Christians, for the most part, observe a day of worship limited to a few hours on Saturday or Sunday. A quick read of the Bible reveals Sabbath to be a 24-hour cessation of work. Its intent is for a physical, mental and spiritual R&R. Devoting only a few hours to the observance of Sabbath cheats you of the benefits God gave us at creation, and underlined in the 10 commandments. “Sabbath” by Dan Allender, “Mudhouse Sabbath” by Lauren Winner and “Sabbath Keeping” by Lynne Baab are excellent books about the benefits of reserving a day a week to worship, rest and restore.

Support community needs with direct action

Many Christians in our community avoid helping others. Evangelical churches here often ignore helping the poor, sick, needy and downtrodden. Appeals are often made to support world evangelism and missions, but the greatest mission field is here in Alaska. It is hypocritical to think otherwise. Roman Catholic, Orthodox and liturgical churches regularly care for and support community-wide needs. Why this divide exists puzzles me. The Bible says “Inasmuch as you have done it unto the least of these my brethren, ye have done it unto me.”

Use group study to replace dying Sunday schools

A distinct national trend has developed about Sunday schools — they’re dying. Some churches have replaced them with small groups that meet at various times during the week or sometimes on Sunday. A tendency of many groups is to read and discuss various “flavor-of-the-month” spiritual books rather than to delve into the Bible, digesting it and learning from it. Don’t neglect the Bible for these types of groups. Be courageous and form your own Bible reading and study group instead. Radical church transformations can occur.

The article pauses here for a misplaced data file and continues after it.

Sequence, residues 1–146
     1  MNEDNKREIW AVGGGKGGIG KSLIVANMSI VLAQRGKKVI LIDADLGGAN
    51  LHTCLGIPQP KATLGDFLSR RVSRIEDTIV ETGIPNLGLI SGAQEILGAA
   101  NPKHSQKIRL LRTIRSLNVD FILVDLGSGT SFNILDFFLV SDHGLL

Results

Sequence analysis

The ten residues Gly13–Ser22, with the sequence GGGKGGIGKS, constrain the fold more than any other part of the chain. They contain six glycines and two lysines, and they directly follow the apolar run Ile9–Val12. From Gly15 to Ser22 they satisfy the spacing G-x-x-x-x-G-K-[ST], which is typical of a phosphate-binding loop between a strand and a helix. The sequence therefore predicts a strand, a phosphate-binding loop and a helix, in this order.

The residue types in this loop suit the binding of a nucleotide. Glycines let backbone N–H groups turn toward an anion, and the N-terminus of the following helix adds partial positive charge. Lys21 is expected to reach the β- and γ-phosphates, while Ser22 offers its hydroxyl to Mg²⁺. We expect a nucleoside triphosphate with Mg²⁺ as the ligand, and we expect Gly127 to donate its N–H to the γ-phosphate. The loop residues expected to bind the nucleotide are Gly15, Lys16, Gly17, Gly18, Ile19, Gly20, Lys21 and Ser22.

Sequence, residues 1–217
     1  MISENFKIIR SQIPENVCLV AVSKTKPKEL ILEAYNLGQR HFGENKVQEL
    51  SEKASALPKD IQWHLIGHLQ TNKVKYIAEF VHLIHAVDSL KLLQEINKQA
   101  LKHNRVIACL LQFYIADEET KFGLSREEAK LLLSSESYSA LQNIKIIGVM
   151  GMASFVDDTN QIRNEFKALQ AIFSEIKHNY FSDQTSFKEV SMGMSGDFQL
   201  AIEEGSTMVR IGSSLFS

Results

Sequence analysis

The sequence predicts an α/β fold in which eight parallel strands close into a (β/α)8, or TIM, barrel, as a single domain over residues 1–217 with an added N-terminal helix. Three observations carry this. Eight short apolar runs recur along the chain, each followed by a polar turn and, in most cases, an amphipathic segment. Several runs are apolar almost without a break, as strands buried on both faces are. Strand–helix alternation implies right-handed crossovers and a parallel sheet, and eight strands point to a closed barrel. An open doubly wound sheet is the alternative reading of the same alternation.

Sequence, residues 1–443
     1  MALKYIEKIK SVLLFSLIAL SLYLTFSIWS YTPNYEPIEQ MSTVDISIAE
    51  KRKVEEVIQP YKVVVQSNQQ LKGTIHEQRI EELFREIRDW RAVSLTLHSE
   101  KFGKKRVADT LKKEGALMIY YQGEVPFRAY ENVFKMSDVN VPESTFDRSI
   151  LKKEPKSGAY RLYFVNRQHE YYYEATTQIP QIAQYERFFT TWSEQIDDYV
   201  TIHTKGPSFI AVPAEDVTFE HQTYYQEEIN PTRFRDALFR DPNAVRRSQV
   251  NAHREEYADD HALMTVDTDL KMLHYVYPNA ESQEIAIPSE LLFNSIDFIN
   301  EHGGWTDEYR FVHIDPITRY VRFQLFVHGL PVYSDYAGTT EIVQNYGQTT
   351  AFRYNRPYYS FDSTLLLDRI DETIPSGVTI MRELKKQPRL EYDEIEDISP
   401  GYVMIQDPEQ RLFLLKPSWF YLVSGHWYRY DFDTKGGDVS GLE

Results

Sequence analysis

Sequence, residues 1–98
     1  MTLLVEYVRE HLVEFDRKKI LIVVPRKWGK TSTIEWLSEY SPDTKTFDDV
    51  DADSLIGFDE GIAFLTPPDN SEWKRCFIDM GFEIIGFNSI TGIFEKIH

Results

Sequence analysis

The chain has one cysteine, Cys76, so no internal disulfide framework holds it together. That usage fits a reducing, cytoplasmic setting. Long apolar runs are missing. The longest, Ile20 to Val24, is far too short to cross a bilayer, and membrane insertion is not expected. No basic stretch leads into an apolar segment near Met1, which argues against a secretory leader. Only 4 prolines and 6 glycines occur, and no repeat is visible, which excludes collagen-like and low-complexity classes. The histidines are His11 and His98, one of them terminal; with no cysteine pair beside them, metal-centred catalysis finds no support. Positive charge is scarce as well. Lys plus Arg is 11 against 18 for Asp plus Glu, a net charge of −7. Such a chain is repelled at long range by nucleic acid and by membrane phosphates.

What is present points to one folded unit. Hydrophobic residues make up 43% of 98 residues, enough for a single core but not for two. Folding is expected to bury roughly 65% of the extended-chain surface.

Be comfortable inviting someone to worship or study with you

It’s a wonderful thing to sing about the “good news” of Christ, and be effusive over his presence in your life. If this is true, then share it with someone who may not have a connection with Christ or may possibly be unfulfilled in their current church experience. Offer to personally study with them or accompany you to a meaningful service at your place of worship.

Give back financially

Christians believe a key response to the value of the gift they’ve received merits a heart response in giving. Scripture tells us “God loves a cheerful giver.” If you believe your church is spending too much on overhead and not enough on the “good news” of spreading the gospel, get involved. Ask to be included in discussions of church finances.

Pray more, complain less

Prayer is one of the healthiest things you can do. A recent Psychology Today article listed five benefits of prayer. National polling data indicates that more than half of us pray every day, and more than 75 percent believe prayer is important to our daily lives. Prayer is not posture. One can pray anywhere and everywhere. Very few pastors talk about prayer in their sermons. It should be stressed.

Chris Thompson is a religion scholar who visits local churches and writes about his experiences and matters of faith on his blog, churchvisits.com.

The views expressed here are the writer’s own and are not necessarily endorsed by Alaska Dispatch News, which welcomes a broad range of viewpoints. To submit a piece for consideration, emailcommentary(at)alaskadispatch.com.